Osteochondroma is an incredibly long and complicated word. A diagnosis of a condition with such a confusing combination of syllables and phonemes as this can make the condition sound a lot worse than it actually is. A more simple way of referring to it, that is just as accurate, is by using the term benign bone tumor. Remember, benign means that it is not the dreaded C-word: cancer.
These benign tumors are actually deposited collections of unusual or abnormal cells that accumulate or bunch together in one part of the body. These cells do not travel to other parts of the body but remain fixed in situ.
Osteochondromas most commonly tend to form on the surface of the bone that is nearest to the growth plate, where all the bone growing action occurs. To the touch, they are likely to feel like hard bumps and they may appear as raised lumps on or near joints.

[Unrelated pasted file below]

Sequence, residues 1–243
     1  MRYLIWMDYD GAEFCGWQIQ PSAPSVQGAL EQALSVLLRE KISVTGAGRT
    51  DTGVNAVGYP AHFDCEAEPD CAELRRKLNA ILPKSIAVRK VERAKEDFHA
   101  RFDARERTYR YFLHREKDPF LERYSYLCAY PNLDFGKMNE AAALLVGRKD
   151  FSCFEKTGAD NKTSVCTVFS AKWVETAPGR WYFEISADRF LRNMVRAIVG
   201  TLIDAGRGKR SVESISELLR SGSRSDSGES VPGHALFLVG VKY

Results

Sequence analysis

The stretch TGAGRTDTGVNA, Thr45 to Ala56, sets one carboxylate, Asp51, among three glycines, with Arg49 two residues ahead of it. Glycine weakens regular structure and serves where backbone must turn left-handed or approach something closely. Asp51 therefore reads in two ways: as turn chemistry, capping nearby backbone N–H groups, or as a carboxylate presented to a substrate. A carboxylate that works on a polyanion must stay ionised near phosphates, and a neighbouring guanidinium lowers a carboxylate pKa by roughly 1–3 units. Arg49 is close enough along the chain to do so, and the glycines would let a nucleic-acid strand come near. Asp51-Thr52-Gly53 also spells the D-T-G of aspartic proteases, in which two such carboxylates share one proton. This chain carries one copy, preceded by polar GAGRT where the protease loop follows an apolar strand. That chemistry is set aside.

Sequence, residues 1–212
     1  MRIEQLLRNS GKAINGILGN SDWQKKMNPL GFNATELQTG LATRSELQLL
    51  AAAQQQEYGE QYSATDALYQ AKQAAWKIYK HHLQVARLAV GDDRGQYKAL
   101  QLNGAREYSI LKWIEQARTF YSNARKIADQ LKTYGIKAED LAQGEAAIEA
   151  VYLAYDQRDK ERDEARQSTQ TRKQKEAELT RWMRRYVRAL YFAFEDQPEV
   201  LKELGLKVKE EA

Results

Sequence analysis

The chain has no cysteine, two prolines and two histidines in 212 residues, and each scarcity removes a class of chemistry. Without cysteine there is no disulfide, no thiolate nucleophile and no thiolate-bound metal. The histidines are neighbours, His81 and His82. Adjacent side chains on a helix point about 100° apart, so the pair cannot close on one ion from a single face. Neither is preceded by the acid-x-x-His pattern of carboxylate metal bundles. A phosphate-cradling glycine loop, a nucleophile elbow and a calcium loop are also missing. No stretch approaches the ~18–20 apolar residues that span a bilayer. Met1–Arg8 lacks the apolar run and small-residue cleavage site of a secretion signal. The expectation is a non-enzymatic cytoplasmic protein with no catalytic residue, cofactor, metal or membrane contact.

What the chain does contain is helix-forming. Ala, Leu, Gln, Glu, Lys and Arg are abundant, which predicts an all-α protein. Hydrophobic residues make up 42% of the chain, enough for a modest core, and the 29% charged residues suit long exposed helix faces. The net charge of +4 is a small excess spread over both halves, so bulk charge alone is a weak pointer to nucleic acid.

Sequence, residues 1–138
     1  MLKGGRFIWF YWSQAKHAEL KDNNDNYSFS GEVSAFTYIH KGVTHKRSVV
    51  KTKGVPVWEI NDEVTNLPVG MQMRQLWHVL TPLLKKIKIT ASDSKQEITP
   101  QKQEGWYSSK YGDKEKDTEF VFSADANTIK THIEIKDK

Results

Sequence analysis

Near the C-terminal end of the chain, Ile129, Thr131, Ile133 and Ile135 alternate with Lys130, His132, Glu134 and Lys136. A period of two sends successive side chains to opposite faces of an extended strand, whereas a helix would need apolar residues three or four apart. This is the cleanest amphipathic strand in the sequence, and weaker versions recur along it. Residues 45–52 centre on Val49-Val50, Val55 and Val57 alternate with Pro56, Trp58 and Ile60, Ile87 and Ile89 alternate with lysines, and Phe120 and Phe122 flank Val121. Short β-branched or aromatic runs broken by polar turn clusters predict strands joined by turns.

8 early signs of the presence of osteochondromas are detailed and described below.
1. Painless bump near joints
The appearance of unexplained painless bumps at or near joint sites can be an indicator of the presence of an osteochondroma, though the sheer number of other types of painless bumps that can affect a person can cloud judgment.
Sometimes callouses can be painless, as can friction blisters or insect bites and allergic reactions, meaning that it is often very difficult in the early stages to confirm that a painless bump is in fact confirmation of the presence of osteochondroma.
Whilst symptoms on their own can be shrugged off, it is the combination of several of these early signs which might be more of an effective predictor for osteochondroma and its subsequent development. Having 8 early signs, listed together like this, could serve as a tick sheet to either help confirm or rule out the presence of osteochondroma, but as with all suspected illnesses and conditions, seeking the advice of professionals is always the best practice.